Aug 31, Colombo: Sri Lanka's achievements in resettlement, reconstruction and rehabilitation in the relatively short period since the armed conflict ended in 2009 are indeed impressive but physical reconstruction alone will not bring reconciliation, dignity, or lasting peace, the United Nations High Commissioner for Human Rights Navi Pillay said today.
Addressing a press conference in Colombo at the conclusion of her week-long visit to the island on a fact-finding mission, Pillay said a more holistic approach is needed to provide truth, justice and reparations for people's suffering during the war and offered the assistance of her office in these areas.
"I am deeply concerned that Sri Lanka, despite the opportunity provided by the end of the war to construct a new vibrant, all-embracing state, is showing signs of heading in an increasingly authoritarian direction," she said.
Taking offensive in calling her a supporter of the defeated terrorist group Liberations Tigers of Tamil Eelam (LTTE) Pillay said the accusation has reached an "extraordinary crescendo" during her visit to the country with at least three Government Ministers also joining to label her.
The Human Rights Chief denouncing the LTTE as a "murderous organization that committed numerous crimes and destroyed many lives," called on the diaspora not to glorify the terrorist outfit.
"Those in the diaspora who continue to revere the memory of the LTTE must recognize that there should be no place for the glorification of such a ruthless organization," she said.
She thanked the government for its invitation and its excellent cooperation during the planning and conduct of this "very complex" mission. Despite few disturbing incidents she was free to go anywhere, and see anything she wished to see, Pillay affirmed.
Sympathizing with all the Sri Lankans who have lost a loved one during the war, whether civialn or soldier, Pillay said it is important for everyone to realize that, although the fighting is over, the suffering is not.
The UN official said she was moved by the profound trauma of the people she has seen among the relatives of the missing and the dead, and the war survivors, in all the places she has visited, as well as by their resilience.
Pillay warned of specific factors impeding normalization which according to her if not quickly rectified, may lead to future discord.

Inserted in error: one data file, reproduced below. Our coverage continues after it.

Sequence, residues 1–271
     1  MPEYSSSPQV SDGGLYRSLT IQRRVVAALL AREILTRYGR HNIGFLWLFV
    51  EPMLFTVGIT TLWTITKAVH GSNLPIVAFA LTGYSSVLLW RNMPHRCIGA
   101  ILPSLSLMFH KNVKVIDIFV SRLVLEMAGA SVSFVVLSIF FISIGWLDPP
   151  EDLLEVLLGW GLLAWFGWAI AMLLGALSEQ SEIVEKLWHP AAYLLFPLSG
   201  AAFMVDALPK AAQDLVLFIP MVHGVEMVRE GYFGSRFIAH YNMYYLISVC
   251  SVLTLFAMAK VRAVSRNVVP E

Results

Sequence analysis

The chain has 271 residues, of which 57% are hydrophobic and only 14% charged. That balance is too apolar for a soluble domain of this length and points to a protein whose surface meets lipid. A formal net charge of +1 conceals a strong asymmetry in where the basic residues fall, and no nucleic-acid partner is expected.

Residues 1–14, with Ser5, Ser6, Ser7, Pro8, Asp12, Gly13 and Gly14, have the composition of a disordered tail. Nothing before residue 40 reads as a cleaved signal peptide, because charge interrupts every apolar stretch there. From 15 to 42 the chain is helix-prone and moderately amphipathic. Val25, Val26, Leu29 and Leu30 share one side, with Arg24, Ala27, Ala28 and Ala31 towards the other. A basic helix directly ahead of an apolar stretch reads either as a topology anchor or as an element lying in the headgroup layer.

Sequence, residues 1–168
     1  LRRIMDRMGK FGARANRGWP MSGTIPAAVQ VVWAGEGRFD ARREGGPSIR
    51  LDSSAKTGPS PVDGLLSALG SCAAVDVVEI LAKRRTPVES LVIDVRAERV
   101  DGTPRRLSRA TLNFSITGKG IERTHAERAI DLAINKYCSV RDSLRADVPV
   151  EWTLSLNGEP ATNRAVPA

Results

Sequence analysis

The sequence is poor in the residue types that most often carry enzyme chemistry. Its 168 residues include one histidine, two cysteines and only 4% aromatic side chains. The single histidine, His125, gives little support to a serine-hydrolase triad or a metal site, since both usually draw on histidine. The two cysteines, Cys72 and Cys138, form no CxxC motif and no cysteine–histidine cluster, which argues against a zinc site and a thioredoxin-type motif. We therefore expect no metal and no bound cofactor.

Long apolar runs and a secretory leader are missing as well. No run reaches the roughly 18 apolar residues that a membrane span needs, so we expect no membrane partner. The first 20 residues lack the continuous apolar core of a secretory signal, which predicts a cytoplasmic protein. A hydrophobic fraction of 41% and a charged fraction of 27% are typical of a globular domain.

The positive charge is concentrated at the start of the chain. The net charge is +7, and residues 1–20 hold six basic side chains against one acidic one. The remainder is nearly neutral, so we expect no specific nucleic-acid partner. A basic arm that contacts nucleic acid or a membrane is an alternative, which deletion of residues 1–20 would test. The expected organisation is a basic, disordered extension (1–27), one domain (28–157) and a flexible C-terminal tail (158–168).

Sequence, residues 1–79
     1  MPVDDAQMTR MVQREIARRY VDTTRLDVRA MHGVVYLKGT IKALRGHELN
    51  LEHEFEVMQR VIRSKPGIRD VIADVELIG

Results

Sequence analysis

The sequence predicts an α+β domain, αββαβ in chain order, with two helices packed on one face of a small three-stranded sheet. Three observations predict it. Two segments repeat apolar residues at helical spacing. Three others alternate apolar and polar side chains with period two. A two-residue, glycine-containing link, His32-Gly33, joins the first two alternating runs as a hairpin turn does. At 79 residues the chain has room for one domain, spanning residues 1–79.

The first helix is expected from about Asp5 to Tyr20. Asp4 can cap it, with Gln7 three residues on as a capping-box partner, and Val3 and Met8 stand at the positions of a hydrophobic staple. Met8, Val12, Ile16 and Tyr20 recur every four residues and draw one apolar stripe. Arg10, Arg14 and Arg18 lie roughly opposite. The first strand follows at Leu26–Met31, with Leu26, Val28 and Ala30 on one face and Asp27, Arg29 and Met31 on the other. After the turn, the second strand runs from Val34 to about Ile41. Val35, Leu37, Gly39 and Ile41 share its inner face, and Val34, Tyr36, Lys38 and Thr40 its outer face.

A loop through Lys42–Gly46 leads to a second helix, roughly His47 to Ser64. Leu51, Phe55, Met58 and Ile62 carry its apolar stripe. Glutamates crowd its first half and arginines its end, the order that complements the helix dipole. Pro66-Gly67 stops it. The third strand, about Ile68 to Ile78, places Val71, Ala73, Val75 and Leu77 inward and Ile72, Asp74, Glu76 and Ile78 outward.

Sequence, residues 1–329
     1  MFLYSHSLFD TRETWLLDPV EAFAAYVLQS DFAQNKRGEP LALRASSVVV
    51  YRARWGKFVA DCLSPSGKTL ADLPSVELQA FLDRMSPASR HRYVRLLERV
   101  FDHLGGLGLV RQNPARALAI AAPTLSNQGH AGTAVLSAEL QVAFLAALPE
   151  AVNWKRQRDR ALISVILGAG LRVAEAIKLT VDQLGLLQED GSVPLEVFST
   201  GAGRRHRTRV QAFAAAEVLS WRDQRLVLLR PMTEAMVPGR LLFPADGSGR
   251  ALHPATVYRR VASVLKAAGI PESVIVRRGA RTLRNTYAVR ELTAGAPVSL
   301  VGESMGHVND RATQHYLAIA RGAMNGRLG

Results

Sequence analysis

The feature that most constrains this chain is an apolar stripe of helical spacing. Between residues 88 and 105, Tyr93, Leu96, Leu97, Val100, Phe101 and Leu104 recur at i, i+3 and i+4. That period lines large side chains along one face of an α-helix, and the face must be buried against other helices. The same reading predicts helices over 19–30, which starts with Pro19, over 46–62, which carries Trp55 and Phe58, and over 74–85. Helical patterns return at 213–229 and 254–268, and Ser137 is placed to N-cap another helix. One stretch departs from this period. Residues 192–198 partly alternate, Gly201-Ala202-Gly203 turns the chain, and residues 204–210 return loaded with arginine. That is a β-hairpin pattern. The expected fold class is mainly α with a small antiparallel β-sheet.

She explained that the curtailment or denial of personal freedoms and human rights, or linked to persistent impunity and the failure of rule of law are factors impeding the achievement of true peace and reconciliation after the war.
The Rights chief stressed that her office wants to see progress in the implementation of the recommendations made by the Lessons Learnt and Reconciliation Commission (LLRC) and proper investigation of the many outstanding allegations and concerns.
Recognizing that LLRC report contains a broad range of excellent recommendations regarding concrete improvements on human rights, Pillay said she expects to receive a briefing on the extent of the implementation of some of those recommendations from the Secretary to the President.
The UN official welcomed the forthcoming elections to the Northern Provincial Council and expressed hope that elections will proceed in a peaceful, free and fair environment, and usher in an important new stage in the devolution of power.
Pillay expressed concern over military's involvement in civilian activities such as education, agriculture and tourism and the acquisition of the land by the military for these activities.
"Clearly, the army needs some camps, but the prevalence and level of involvement of soldiers in the community seem much greater than is needed for strictly military or reconstruction purposes four years after the end of the war," she noted.
She urged the government to speed up the up its efforts to demilitarize the two war-affected provinces in North and East.
Expressing concern over vulnerability of women and girls, especially in female-headed households, to sexual harassment and abuse Pillay urged the authorities to rigorously enforce a zero tolerance policy for sexual abuse.
She asked the government to expedite the cases of remaining detainees, either by bringing charges or releasing them for rehabilitation.
She said she was disappointed to learn that the new Commission of Inquiry on Disappearances will only cover disappearances in the Northern and Eastern Provinces and asked the government to broaden the Commission's mandate to include the "white van" disappearances reported in Colombo and other parts of the country in recent years.
She requested the Sri Lankan Government to ratify the International Convention on Disappearances, and invite the Working Group on Enforced and Involuntary Disappearances to visit Sri Lanka, ideally before she reports back to the Human Rights Council in March.
Pillay, speaking of the Courts of Inquiry appointed by the army to further investigate the allegations of civilian casualties and summary executions, said unless there is a credible national process, calls for an international inquiry are likely to continue.
Mentioning reports of human rights activists who spoke to her being harassed by security personnel, the UN official asked the government to issue immediate orders to halt this treatment of human rights defenders and journalists who face this kind of harassment and intimidation on a regular basis.
She stressed that the UN takes the issue of reprisals against people seriously because they have talked to UN officials, and said she will be reporting those that take place in connection with this visit to the Human Rights Council.
The UN official will provide an oral update to the Human Rights Council in Geneva in late September, and a full written report in March next year on her visit to Sri Lanka.
Full Speech by UN High Commissioner